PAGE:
Time Out says
A Montana high-school football stud grows up to be a stunning transgender lesbian named Kim; her adopted brother harbors a lifelong grudge against his popular sibling. Suddenly, the “slighted” sibling discovers that he’s the biological grandchild of Orson Welles and Rita Hayworth. Welcome to an outrageous plot twist worthy of a Pedro Almodóvar melodrama, but to paraphrase the title of an aborted Welles film: It’s all true.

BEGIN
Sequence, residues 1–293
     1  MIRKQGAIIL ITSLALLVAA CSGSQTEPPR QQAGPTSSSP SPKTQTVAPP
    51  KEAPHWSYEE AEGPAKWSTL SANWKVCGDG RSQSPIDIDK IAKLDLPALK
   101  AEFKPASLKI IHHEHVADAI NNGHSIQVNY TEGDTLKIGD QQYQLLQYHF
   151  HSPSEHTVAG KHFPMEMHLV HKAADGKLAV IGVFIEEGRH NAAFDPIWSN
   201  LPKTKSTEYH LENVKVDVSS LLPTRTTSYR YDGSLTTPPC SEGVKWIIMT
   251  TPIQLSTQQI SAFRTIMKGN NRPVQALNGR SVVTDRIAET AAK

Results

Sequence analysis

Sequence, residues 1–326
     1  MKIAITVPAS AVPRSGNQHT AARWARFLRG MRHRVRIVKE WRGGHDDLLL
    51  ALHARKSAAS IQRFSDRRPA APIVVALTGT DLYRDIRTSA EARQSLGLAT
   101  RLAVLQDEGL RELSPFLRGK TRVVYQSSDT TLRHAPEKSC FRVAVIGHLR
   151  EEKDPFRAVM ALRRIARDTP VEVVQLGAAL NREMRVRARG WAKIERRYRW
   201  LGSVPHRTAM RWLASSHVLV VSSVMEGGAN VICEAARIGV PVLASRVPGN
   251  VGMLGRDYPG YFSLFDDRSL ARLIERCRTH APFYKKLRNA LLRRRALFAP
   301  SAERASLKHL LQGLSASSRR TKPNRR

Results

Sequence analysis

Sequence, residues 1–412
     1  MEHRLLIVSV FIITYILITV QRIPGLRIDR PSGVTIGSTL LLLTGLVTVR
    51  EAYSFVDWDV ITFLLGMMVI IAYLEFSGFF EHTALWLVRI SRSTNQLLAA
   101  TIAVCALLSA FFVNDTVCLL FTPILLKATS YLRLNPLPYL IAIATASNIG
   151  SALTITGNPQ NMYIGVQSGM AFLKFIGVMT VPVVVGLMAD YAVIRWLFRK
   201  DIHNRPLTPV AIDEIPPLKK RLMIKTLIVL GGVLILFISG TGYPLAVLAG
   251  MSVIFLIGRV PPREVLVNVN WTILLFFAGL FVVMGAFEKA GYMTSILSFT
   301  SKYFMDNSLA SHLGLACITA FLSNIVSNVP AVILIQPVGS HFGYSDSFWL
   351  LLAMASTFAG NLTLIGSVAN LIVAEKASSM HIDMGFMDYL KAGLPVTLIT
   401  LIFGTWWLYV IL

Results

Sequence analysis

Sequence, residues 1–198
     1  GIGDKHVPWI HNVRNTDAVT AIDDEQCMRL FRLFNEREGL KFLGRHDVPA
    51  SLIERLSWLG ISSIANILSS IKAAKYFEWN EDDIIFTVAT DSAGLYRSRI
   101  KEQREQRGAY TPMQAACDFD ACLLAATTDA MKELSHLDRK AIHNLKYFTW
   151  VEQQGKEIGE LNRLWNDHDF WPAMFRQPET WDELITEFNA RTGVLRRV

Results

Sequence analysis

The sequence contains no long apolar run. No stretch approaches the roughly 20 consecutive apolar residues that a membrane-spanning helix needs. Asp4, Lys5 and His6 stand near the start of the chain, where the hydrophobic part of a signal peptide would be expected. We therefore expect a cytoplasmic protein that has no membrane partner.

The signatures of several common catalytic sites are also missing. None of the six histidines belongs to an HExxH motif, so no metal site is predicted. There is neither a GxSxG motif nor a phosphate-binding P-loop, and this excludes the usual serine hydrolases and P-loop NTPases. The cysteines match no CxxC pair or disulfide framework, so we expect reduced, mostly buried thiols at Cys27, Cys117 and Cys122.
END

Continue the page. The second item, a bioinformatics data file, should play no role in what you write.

Prodigal Sons is also a first-person testimonial, as documentarian Kimberly Reed films every uncomfortable moment with her brother Marc McKerrow, who won’t relinquish their fraternal rivalry even though she’s no longer a man. Welles’s longtime partner Oja Kodar invites them to an idyllic reunion in Croatia, which gives McKerrow a chance to recast his troubled existence and embrace his newfound ancestral fame. Instead, he immediately shames Reed by showing photos of her male past, offering a fascinating glimpse into how self-defining narratives inevitably ensure familial conflict.But instead of pushing deeper into any psychological dilemmas, this dirty-laundry doc gets lost in a sensationalistic flurry driven by a serious emotional unraveling. One particularly violent scene depicts McKerrow’s instability to an extent that robs him of any dignity, with Reed’s narration crowding out his voice. Even when cinematically attempting to heal old wounds, the filmmaker can’t help but have the last word.